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Author Topic: A tale of two engineers  (Read 1175 times)

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Offline Don P

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A tale of two engineers
« on: January 13, 2018, 11:24:44 PM »
I enjoy studying history and engineering and thought some of you might as well. There are two stories here, one of hubris the other humility. The scale of both projects was large but the moral of the stories applies to all of us who build.

The first is about Thomas Cooper and the Quebec City bridge collapse. Cooper was hired as lead engineer on the bridge project and saw that if he moved a set of piers a little wider than the original plans called for he would be able to seize claim to the longest spanning cantilever bridge. In order to make it work he juiced the allowable strength numbers of the iron, just a little. He then neglected to go back and factor in the increased dead load of the longer span. As construction proceeded he dismissed reports of things not fitting properly and in the end 75 workmen died as the span collapsed. When a Canadian engineer passes the boards he is handed an iron ring to wear as a reminder of his real obligation.
http://www.engr.usask.ca/classes/GE/449/notes/Quebec_Bridge_story.pdf

In the early '70's William LeMessurier designed a daring new kind of skyscraper for the Citicorp group in Manhattan. He thought he had covered all his bases in the design phase. Several years later a student writing a thesis on the building questioned his wind design assumptions. A student questioned an eminent engineer. He went back and checked his math, she was right. Then he checked the as built construction documents, they had substituted bolts for the designed welds. When he recalculated everything the stresses reached 1.6 times allowable in a 70 mph quartering wind. The factor of safety for steel is 1.6. This highly acclaimed building was in real danger, if he admitted to the error he might never work again, he would assuredly end up in court. He immediately owned up and everyone stepped up to help. Everyone lived happily ever after, Hero  8)
http://www.theaiatrust.com/whitepapers/ethics/study.php

Offline Grizzly

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Re: A tale of two engineers
« Reply #1 on: January 13, 2018, 11:55:42 PM »
So the moral remains. If your wrong.... admit it. Now and not later.
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Offline LeeB

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Re: A tale of two engineers
« Reply #2 on: January 14, 2018, 03:18:02 AM »
Kinda along the lines that a lie becomes your future and the truth becomes your past. I don't remember where I came across this jewel, but it is so very true.
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Offline kantuckid

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Re: A tale of two engineers
« Reply #3 on: January 14, 2018, 07:00:30 AM »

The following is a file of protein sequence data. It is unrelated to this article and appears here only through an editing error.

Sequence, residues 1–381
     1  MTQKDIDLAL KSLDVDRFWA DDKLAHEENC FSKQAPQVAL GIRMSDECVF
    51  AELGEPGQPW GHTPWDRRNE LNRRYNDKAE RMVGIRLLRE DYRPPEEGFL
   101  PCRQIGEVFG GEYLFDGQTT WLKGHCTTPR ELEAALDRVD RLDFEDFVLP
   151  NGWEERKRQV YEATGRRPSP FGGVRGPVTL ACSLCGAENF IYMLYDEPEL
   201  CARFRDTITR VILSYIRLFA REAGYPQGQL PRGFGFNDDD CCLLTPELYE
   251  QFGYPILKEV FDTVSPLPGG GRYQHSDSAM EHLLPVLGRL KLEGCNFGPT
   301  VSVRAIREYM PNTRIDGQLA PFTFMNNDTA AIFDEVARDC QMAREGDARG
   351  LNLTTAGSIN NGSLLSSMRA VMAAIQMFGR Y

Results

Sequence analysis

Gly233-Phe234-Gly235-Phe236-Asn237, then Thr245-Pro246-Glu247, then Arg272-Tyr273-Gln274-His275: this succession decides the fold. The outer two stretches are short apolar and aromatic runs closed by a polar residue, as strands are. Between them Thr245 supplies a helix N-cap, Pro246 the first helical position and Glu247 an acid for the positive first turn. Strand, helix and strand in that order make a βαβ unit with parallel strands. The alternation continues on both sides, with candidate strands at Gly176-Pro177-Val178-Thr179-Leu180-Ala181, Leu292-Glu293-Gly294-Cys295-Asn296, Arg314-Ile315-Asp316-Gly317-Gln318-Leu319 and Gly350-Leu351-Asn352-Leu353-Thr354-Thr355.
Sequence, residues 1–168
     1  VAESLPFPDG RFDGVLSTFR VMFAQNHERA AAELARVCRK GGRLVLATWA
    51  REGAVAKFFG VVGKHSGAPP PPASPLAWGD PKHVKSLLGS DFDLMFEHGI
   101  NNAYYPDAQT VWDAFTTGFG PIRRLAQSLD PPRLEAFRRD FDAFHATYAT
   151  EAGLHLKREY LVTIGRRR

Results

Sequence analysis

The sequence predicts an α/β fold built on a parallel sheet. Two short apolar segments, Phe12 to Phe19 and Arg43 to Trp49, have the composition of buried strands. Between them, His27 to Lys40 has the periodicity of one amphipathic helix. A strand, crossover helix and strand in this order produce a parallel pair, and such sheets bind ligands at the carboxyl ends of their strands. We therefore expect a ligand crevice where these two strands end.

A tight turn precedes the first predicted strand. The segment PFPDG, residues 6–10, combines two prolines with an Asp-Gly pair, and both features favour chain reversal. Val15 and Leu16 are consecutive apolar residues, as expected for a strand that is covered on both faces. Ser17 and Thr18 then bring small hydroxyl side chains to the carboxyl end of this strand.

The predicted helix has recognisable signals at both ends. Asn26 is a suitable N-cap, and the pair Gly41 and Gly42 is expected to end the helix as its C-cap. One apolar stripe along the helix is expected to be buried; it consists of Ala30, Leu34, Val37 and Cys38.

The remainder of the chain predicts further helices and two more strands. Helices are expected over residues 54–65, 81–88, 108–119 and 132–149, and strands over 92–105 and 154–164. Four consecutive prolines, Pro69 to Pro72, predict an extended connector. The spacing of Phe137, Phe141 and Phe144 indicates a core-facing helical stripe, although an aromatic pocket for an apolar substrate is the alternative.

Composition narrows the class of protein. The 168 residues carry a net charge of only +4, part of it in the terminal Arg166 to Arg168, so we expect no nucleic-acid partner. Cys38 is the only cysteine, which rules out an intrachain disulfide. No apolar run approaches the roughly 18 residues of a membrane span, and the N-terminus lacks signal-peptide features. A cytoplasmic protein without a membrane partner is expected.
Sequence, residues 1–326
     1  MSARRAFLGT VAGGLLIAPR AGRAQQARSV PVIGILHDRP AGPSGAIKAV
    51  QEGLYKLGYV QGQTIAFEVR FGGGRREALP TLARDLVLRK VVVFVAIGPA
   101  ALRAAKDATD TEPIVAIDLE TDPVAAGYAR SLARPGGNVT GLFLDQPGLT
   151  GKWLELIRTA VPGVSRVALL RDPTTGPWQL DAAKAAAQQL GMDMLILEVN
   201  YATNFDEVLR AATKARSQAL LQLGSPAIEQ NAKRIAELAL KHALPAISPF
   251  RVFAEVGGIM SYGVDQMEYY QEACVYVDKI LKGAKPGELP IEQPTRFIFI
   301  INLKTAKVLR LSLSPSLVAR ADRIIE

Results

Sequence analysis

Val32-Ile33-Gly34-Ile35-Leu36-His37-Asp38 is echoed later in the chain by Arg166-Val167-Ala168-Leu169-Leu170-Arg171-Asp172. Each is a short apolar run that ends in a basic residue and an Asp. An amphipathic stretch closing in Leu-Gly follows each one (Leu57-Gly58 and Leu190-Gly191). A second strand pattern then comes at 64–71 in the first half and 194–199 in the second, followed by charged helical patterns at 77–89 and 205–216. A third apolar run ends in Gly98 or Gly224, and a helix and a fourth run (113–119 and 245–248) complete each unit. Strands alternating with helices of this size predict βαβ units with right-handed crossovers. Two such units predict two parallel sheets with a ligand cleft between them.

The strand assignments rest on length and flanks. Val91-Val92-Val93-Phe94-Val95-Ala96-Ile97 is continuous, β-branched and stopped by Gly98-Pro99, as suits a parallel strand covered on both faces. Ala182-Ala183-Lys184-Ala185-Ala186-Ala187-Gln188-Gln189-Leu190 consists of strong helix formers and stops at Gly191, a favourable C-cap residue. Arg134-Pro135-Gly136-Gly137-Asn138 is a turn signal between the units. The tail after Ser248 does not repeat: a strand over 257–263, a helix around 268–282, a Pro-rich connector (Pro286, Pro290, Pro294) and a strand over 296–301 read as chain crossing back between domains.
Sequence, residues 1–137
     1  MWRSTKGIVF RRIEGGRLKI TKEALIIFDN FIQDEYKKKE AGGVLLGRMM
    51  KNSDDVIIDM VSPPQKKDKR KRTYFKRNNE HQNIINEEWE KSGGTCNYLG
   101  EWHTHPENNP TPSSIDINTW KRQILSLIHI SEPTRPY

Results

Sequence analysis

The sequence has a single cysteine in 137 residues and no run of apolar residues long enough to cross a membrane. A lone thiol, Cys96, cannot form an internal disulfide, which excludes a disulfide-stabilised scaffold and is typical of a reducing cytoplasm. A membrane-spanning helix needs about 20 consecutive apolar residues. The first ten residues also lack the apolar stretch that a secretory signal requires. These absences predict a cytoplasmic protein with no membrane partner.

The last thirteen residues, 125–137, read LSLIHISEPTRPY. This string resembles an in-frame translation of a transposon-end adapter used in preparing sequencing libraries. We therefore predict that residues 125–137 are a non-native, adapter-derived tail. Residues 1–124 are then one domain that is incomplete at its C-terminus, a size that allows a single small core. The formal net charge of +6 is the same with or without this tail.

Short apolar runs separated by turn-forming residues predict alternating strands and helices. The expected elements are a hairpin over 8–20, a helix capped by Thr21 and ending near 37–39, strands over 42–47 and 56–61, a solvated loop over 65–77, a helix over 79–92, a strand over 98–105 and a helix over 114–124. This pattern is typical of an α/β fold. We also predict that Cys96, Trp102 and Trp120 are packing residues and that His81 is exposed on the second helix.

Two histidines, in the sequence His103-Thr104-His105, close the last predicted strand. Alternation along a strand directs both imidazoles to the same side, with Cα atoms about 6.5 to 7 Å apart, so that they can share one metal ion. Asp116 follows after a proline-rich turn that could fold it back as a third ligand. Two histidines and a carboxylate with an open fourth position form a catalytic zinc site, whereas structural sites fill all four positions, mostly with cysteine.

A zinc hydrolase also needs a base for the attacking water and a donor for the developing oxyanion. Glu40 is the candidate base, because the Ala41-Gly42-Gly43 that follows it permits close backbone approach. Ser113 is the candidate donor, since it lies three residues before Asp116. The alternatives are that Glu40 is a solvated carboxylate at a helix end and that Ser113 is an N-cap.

My tale of one engineer: During my apprenticeship as a UAW/URW mechanic millwright @ Goodyear Topeka Plant, we were constructing a steel platform for processing some material (I forget what it was) that required a forklift to place the stuff up on top, then it was dispensed below after mixing. We were mostly firewatching for the welders at the time, thus a lazy mans deal and in reading the blueprints the guy I was shadowing says, "which forklift is going to service this platform"? The young, in-plant, engineer who'd designed it came around later and we hit him up about the height and he says "oh, one of those with the high reach". "My guy" already knew that not one of the several hundred various forklifts in that plant could reach that high. It was built to completion as designed, then used only after a forklift was brought in that could make the lift. Duh...
I actually have full respect for engineers but in a similar fashion to medical doctors I place them 100% into human status. 
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Offline Den-Den

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Re: A tale of two engineers
« Reply #4 on: January 14, 2018, 10:00:02 AM »
So the moral remains. If your wrong.... admit it. Now and not later.

Exactly right
There are additional lessons in those stories.
* Focus on cost savings can blind us to problems that we should have seen
* Pride can prevent us from seeing that we are wrong
* Connection between beams, braces & columns are very important
You may think that you can or may think you can't; either way, you are right.

Offline dablack

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Re: A tale of two engineers
« Reply #5 on: January 15, 2018, 02:38:14 PM »
While in school to become an engineer, I taught SAT prep.  Before checking the kids work I would see that an answer was wrong right away.  It would be some tricky question about the cost of a candy bar or car or whatever.  If the answer was $.03 or $1,500,000 I would know it was wrong right away before actually checking that math or method.  I would make the kid go back and read the question again and then tell me their answer.  They would usually realize that their answer didn't work for the question and they would go back to work on it. 
Then I became an engineer and was working with fabrics for use on orbit.  I worked and worked on this new fastener technique to attach this fabric to that fabric.  I was going over my work and presenting the tensile strength that I had calculated for the newly attached material.  An older PHD pointed out that my new "knot" had a higher tensile strength than the base material that was being put together.  Basically, my answer didn't make sense. 
Point being, it is easy to get caught up in your numbers and forget out the big picture or if your numbers will stand up to the real world.  I think this is a good check for engineering work, building, or anything that requires logic. 
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Offline Crusarius

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Re: A tale of two engineers
« Reply #6 on: January 15, 2018, 03:01:38 PM »
its funny. I am on the other side of all this. I am the test engineer. I get to test what the engineers design. Sometimes it is fun other times frustrating. Especially when you have tested it before and it has failed before.

I really don't like telling ppl they are wrong but when they say it was a bad test do it again then I like to show them how wrong they are :)